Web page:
The Clayton County Board of Commissioners (BOC) is asking the governor to intervene in a situation in which the board claims Clayton County Tax Commissioner Terry Baskin has failed to turn over the county's tax proceeds to the county since June 11.
On Wednesday, during a special-called meeting to adopt a reduced county millage rate, BOC Vice Chairman Wole Ralph introduced a resolution to submit a letter to Gov. Sonny Perdue seeking action against Baskin. The impromptu resolution passed by a 3-1 vote, with BOC Chairman Eldrin Bell opposed, and Commissioner Michael Edmondson absent.
The letter, submitted to Perdue's office on Thursday, claims Baskin "has failed to make payment of taxes collected each week" since June 11 and "has failed to file the weekly report" as required by the Official Code of Georgia. In addition, the letter asks Perdue to "provide notice to the Tax Commissioner of his failure to make payment and file reports as required by law and that he show cause [to the Governor] why he should not be removed from office."
The letter further states that Baskin has continued to "submit the payments to the State as required," and is thus "aware of his obligations" to the county. The resolution to involve the governor comes after a July 9 incident in which Baskin was arrested by Clayton County police for obstruction, after refusing to surrender two of his office's county-owned, take-home vehicles. Baskin protested the move, saying the cars were necessary to do the work of the Tax Commissioner's office.
On July 19, Clayton County Staff Attorney Michael Smith submitted a letter to Baskin, informing him of the payment lapse and citing state code section 48-5-141, which says that the Tax Commissioner "shall each week pay over to the proper county officials as required by law the county taxes."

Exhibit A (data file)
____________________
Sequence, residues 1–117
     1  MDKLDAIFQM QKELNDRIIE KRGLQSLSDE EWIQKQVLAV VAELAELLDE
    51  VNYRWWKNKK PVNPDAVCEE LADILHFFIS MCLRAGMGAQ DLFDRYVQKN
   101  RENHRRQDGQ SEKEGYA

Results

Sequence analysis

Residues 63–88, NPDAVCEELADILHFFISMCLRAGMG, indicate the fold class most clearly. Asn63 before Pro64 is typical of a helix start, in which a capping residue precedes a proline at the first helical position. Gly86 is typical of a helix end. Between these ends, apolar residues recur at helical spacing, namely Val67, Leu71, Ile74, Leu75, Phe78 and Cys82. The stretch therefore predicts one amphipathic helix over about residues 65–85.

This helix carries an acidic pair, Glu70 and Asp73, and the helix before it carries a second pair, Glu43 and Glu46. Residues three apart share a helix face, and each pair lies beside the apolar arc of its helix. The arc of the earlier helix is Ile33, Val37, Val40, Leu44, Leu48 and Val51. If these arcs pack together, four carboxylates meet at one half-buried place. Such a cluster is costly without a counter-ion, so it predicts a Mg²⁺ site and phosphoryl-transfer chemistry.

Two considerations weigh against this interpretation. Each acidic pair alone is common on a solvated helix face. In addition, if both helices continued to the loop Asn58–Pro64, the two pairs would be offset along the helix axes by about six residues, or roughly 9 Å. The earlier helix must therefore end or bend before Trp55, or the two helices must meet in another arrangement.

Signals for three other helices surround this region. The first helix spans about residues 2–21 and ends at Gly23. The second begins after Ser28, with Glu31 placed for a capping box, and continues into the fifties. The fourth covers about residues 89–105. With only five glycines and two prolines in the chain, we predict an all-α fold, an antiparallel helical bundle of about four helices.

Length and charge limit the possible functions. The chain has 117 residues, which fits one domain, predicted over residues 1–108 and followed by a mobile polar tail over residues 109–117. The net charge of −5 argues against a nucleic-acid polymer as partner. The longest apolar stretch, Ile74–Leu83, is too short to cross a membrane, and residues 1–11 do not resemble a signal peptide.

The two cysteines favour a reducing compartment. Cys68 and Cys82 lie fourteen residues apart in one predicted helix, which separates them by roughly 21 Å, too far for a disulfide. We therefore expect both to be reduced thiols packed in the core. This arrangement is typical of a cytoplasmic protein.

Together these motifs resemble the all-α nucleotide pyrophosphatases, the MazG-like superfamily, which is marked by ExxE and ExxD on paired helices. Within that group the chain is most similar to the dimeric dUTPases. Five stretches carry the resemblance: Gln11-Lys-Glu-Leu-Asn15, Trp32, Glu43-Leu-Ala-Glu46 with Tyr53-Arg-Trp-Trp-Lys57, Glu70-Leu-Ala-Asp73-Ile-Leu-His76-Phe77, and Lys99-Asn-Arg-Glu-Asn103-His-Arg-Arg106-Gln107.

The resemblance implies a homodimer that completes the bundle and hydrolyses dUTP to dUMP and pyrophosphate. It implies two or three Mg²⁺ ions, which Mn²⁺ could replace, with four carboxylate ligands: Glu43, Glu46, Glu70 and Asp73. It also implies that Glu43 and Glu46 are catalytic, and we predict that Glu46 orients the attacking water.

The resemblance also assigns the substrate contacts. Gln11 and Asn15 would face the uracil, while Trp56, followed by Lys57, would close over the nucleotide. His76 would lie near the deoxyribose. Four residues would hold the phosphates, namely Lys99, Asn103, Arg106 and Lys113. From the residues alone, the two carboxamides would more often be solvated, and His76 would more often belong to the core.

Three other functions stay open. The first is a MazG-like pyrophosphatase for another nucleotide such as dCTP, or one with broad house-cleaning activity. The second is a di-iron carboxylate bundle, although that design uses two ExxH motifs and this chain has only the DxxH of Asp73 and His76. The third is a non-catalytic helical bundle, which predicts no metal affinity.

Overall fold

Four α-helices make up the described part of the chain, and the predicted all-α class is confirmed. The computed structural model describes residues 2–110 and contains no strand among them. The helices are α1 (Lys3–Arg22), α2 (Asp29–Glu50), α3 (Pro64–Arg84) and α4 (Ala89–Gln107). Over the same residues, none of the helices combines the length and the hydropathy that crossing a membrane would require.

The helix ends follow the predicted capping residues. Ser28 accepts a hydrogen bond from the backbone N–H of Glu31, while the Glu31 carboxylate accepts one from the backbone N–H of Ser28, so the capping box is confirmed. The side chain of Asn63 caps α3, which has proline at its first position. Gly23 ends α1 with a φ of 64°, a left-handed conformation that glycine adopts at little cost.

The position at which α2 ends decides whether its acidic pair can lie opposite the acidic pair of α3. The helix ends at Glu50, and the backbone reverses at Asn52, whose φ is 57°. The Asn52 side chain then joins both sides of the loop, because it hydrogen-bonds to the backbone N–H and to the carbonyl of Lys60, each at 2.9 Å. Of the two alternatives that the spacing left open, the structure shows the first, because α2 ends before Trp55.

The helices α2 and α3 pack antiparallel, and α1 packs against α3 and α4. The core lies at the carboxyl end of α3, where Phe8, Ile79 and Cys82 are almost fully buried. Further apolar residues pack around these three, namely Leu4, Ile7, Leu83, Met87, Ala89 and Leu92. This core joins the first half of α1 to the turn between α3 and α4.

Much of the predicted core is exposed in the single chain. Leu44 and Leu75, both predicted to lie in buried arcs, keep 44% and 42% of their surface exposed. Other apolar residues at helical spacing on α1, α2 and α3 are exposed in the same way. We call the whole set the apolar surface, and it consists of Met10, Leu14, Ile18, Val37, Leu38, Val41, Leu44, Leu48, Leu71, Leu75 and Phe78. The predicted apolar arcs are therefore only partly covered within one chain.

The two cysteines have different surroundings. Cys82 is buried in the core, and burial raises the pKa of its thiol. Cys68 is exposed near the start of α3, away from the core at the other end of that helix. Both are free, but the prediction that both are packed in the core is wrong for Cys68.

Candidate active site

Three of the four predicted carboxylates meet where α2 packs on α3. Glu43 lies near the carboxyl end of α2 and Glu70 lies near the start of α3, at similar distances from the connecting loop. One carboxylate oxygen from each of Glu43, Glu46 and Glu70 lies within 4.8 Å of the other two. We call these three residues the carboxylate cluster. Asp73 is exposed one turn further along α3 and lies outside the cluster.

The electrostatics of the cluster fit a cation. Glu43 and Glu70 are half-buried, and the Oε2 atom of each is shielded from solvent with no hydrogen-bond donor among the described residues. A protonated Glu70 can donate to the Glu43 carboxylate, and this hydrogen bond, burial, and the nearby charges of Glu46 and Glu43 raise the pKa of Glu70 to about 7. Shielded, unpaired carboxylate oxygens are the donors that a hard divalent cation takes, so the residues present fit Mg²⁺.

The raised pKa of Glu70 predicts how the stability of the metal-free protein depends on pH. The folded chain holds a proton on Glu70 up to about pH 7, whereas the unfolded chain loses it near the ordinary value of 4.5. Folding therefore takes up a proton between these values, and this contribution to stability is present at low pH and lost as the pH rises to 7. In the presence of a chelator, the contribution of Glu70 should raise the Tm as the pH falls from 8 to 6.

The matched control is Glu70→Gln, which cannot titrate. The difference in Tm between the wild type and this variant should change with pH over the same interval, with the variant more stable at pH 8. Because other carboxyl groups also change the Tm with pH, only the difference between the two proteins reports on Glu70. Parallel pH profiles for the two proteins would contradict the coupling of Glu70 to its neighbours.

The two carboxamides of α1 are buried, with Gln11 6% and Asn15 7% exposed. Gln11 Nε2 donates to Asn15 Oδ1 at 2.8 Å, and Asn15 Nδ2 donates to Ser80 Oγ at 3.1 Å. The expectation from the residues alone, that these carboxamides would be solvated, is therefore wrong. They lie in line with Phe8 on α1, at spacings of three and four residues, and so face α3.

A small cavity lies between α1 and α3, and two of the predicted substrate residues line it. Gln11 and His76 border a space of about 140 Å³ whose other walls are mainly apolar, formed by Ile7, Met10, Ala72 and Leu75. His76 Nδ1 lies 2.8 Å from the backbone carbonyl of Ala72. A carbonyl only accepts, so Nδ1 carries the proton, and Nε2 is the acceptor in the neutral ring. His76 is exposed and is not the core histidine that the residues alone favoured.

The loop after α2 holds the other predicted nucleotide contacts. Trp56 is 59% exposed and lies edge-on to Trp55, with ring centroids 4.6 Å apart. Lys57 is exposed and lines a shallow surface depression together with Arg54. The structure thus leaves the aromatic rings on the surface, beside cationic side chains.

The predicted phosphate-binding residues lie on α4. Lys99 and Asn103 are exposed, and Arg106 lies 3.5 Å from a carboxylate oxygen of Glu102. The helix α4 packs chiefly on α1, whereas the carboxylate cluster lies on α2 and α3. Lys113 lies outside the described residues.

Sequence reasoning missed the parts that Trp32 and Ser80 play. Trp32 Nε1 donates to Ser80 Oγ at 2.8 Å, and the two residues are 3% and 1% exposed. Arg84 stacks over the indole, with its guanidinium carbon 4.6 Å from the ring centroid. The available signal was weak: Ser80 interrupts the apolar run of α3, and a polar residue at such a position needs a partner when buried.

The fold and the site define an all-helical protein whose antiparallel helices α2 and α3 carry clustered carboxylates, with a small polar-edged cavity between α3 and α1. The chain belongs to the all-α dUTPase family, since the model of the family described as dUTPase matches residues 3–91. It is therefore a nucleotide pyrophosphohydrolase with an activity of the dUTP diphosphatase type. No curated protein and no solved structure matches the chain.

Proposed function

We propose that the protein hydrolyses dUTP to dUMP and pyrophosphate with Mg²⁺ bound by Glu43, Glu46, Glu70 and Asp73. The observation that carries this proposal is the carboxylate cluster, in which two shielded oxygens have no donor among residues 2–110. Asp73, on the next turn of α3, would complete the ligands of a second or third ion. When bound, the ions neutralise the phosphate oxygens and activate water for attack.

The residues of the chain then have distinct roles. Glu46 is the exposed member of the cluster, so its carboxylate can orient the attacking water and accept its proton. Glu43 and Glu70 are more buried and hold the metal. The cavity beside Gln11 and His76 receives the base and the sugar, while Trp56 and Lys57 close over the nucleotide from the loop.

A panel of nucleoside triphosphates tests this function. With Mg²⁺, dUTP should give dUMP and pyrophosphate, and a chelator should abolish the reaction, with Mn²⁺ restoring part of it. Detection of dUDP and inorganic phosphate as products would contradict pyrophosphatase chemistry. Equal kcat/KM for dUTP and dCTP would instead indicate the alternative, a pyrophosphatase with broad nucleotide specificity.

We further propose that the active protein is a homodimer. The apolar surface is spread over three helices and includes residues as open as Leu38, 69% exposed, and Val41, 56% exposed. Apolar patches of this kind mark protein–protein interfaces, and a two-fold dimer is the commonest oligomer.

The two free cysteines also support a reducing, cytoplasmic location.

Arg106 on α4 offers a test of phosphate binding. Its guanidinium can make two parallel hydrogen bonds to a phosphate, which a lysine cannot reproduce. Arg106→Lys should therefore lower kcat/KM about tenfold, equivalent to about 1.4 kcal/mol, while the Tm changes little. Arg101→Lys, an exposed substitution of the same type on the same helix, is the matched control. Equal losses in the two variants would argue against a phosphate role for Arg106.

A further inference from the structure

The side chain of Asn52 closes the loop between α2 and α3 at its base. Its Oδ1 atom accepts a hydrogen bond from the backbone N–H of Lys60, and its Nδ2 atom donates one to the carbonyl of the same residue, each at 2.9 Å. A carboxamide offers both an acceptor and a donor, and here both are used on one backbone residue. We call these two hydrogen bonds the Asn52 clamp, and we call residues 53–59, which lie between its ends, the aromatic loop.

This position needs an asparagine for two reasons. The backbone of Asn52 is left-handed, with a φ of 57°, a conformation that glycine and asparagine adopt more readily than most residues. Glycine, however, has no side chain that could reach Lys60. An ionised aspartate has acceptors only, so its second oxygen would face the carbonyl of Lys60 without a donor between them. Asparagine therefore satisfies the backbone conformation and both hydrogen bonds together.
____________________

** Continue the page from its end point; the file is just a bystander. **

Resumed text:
Baskin's attorney, Steve Frey, said that over $1.6 million in collected taxes has been sitting in Baskin's office since June 11, but that the county has refused to pick it up.
"The county is simply choosing not to get it, and trying to spin the story in a way in which Terry Baskin is refusing to hand over the money," Frey said. "Nothing could be further from the truth. His office is responsible for paying it over to them and his office has done that. He has repeatedly let them know that this money is there. There is nothing in the statue that says he has to personally deliver it, or that his office is responsible for delivering it to them. Any shortfall they complain of is of their own doing."
Bell said the dispute between Baskin and some members of the board stems from June budget discussions, in which Baskin felt his office was unfairly targeted for cuts in the fiscal 2011 budget. Bell said the matter should be handled internally before involving the governor.
"[Finance Director Angela] Jackson came to me and said the money was ready, but he [Baskin] had no means of getting it to her," Bell said. "She didn't feel that it was her duty to go and get it. He [Baskin] sent communication that he doesn't have means to get around and do his job because the board took his car.
"This all goes back to the automobile issue that has been hanging around for weeks," Bell continued. "Nobody has successfully resolved this. We've got more to do than to be fighting over this issue," said Bell. "I would prefer to figure this out locally, before going to the governor."
Governor's Office Spokesperson Bert Brantley said the governor had not received the county's letter on Thursday.